Nixon's constituency

Nixon's silent majority referred mainly to the older generation (those World War II veterans in all parts of the U.S.) but it also described many young people in the Midwest, West and in the South, many of whom eventually served in Vietnam. The Silent Majority was mostly populated by blue collar white people who did not take an active part in politics; suburban, exurban and rural middle class voters.[17] They did, in some cases, support the conservative policies of many politicians. Others were not particularly conservative politically, but resented what they saw as disrespect for American institutions.

According to columnist Kenneth Crawford, “Nixon’s forgotten men should not be confused with Roosevelt’s,” adding that “Nixon’s are comfortable, housed, clad and fed, who constitute the middle stratum of society. But they aspire to more and feel menaced by those who have less.”[18]

In his famous speech, Nixon contrasted his international strategy of political realism with the "idealism" of a "vocal minority." He stated that following the radical minority's demands to withdraw all troops immediately from Vietnam would bring defeat and be disastrous for world peace. Appealing to the silent majority, Nixon asked for united support "to end the war in a way that we could win the peace." The speech was one of the first to codify the Nixon Doctrine, according to which, "the defense of freedom is everybody's business—not just America's business."[19] After giving the speech, Nixon's approval ratings which had been hovering around 50% shot up to 81% in the nation and 86% in the South.[20]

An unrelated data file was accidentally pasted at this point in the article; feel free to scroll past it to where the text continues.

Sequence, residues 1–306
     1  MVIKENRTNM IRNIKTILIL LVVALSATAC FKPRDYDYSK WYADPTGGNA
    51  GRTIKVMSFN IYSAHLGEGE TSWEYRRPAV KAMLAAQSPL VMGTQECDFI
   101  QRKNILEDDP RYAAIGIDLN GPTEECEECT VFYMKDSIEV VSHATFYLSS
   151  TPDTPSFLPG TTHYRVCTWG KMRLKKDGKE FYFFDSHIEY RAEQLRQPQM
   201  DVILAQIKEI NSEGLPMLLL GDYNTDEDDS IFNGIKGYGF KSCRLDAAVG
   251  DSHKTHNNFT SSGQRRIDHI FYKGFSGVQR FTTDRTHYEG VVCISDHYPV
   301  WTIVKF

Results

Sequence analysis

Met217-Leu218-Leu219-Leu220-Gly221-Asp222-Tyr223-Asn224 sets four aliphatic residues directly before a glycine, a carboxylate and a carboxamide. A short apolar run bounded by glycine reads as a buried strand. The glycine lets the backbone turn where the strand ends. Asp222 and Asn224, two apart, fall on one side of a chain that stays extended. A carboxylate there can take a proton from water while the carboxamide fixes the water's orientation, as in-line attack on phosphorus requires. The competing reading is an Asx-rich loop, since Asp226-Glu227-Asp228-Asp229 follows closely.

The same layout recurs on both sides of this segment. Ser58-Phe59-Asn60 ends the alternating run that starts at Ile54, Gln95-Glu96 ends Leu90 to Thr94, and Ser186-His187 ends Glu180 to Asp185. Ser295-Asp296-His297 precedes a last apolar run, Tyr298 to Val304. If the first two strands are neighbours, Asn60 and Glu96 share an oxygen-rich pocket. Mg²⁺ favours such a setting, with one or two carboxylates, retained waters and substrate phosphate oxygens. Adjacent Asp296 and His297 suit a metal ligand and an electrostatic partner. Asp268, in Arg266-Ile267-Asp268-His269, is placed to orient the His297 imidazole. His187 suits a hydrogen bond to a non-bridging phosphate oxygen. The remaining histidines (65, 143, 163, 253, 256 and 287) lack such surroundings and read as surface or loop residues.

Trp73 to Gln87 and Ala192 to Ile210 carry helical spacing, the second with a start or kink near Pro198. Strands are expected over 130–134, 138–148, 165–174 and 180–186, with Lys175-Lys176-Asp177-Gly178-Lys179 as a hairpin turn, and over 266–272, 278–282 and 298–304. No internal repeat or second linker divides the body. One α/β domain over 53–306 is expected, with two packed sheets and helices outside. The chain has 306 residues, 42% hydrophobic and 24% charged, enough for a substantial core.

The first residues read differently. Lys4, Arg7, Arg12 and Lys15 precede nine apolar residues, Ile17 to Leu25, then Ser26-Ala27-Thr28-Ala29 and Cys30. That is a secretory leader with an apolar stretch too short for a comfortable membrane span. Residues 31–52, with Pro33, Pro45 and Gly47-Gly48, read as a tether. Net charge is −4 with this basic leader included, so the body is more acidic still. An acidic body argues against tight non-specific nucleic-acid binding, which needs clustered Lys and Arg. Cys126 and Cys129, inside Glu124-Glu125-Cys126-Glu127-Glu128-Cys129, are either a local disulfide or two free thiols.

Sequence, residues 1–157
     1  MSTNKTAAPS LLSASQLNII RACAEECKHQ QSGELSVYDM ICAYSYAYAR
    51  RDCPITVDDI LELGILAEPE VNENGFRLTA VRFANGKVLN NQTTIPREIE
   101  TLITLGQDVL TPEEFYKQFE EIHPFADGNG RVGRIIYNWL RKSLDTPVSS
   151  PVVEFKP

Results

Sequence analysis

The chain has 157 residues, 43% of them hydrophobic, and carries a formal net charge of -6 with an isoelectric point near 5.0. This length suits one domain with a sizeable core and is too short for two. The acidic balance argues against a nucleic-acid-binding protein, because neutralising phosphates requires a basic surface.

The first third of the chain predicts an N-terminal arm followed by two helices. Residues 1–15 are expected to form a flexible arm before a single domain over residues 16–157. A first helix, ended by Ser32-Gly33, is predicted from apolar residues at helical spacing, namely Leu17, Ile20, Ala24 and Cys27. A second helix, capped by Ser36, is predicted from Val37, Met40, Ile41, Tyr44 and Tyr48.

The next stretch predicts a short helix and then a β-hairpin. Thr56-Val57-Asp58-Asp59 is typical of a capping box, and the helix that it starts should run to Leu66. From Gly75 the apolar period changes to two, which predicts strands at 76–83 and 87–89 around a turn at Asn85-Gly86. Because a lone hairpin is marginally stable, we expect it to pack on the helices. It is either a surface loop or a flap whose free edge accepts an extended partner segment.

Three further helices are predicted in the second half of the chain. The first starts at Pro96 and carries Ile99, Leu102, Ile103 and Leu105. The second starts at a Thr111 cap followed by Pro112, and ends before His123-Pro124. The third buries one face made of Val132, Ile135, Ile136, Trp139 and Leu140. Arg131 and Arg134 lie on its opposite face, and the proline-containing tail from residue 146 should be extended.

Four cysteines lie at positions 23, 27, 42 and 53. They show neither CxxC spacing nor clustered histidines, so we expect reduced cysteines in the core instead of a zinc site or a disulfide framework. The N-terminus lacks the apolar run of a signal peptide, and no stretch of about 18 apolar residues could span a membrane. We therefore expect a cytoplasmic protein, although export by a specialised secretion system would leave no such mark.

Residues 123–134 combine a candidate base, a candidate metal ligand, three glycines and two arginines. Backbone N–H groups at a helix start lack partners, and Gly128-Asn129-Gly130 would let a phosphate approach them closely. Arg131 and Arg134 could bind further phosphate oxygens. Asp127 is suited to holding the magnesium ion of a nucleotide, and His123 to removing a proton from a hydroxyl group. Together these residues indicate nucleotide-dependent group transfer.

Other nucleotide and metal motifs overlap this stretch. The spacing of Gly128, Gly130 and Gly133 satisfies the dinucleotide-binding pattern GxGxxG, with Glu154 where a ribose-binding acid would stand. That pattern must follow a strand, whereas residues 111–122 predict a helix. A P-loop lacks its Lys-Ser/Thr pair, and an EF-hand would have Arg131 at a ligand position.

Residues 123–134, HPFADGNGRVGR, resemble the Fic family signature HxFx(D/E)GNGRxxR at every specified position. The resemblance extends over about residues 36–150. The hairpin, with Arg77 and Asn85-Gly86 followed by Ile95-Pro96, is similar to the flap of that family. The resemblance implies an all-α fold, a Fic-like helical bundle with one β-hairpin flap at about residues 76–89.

In January 1970, Time put on their cover an abstract image of a man and a woman representing "Middle America" as a replacement for their annual "Man of the Year" award. Publisher Roy E. Larsen wrote that "the events of 1969 transcended specific individuals. In a time of dissent and 'confrontation', the most striking new factor was the emergence of the so-called 'Silent Majority' as a powerfully assertive force in U.S. society."[21] Larsen described how the silent majority had elected Nixon, had put a man on the moon, and how this demographic felt threatened by "attacks on traditional values".[21]

The silent majority theme has been a contentious issue amongst journalists since Nixon used the phrase. Some thought Nixon used it as part of the

  • Browne, Junius Henri (1874). "The Silent Majority". Harper's Magazine, June to November
  • Campbell, Karlyn Kohrs. The Great Silent Majority: Nixon's 1969 Speech on Vietnamization (Texas A&M University Press; 2014) focus on the speech of November 3, 1969

Further reading

  1. ^ "Silent majority" Cambridge Advanced Learner's Dictionary (1995), accessed 22/2/2011.